German state-owned development bank Kreditanstalt fuer Wiederaufbau (KfW) launched its first non-German transaction from the PROMISE securitization program at the end of December.
Last year, a total of 11 new transactions were completed under KfW's PROMISE and PROVIDE programs - more than double the total amount completed in the two preceding years. "Our two securitization programs have become firmly established in the market," said Hans Reich, chairman of KfW's board of managing directors. "The standardization of both programs has led to a high degree of acceptance on the part of investors, so that now we can say that our securitization instruments are a great success. The securitization volume which we have now achieved reaffirms our assumption that, for typical promotional loans, the instrument of securitization is of major importance for the yield and risk management of many banks."
The latest $119.2 million transaction, Promise Austria-2002 Plc., follows the $19.8 billion previously issued from both the PROMISE and PROVIDE programs in 2002. KfW will act as an intermediary and will sell protection to the originator, Bank Austria Creditanstalt AG (BaCa). Under its platform, KfW absorbs the risks combined by way of a derivative from loans, which a credit institution extends to small- and medium-sized companies (SMEs), and KfW provides the originator with a guarantee at market prices. "In a second step, the risks we assume are placed in the swap and capital markets in individual tranches," said Reich. "By transferring the risks, the banks can reduce their tied-up economic and regulatory capital and release potential for further lending to SMEs."
According to KfW, the increased use of their programs has also provided greater secondary market liquidity for risks associated to SME and residential mortgage loans in Germany, with about $2 billion in credit-linked notes placed in the market. "German investors in particular -but also interested investors from [other] European countries and Japan - value CLNs as a diversified, high-yield investment product that also has an external rating and is suitable as a loan substitute for credit risk management," said Reich.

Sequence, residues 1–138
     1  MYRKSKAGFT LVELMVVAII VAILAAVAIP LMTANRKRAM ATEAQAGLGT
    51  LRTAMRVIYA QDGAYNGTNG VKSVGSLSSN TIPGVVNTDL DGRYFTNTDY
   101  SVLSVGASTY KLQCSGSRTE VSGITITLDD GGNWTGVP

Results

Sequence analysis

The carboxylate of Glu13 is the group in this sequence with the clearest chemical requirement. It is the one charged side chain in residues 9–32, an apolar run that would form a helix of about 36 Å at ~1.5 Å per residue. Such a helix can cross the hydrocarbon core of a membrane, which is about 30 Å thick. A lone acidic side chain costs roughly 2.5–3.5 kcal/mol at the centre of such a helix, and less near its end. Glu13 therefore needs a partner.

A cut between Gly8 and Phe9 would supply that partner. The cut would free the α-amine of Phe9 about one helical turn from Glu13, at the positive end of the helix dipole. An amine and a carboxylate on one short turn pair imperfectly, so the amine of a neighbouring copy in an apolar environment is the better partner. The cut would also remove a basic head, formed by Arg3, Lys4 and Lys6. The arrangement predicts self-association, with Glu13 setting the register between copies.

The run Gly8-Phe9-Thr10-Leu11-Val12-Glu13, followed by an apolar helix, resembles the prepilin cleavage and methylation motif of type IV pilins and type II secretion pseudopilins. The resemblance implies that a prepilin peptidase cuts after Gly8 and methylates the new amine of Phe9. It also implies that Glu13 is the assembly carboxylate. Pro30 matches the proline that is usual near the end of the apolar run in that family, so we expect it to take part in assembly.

Going forward, the bank expects to make further use of its multi-seller transaction model, where smaller on-lending banks would benefit from a securitization funding advantage. The focus will be to gather from various regions small portfolios of roughly $50 million that would otherwise be too small to enter the market individually, and then sell them combined into the market.
This year, the state of North-Rhine Westphalia and KfW intend to jointly support transactions where SME loan portfolios of North-Rhine Westphalian banks are pooled and placed in the capital markets. Reich added that KfW plans to include in its platforms this year a purchase variant that can be added into most ongoing programs. "Portfolios acquired by KfW can be added to the pool and synthetically secured through PROMISE and PROVIDE in an efficient manner," he said.
Outside of Austria and Germany, Reich said the bank was ready to offer its platform to other European institutions where KfW would assume a neutral intermediary role. "Incorporating European portfolios will further increase the liquidity of the platforms, which will benefit all parties - including ultimately the German SME sector," he explained. "With regard to the capital market, the platforms permit the fragmentation of the European securitization market, which has resulted from the various national legal systems, to be temporarily offset."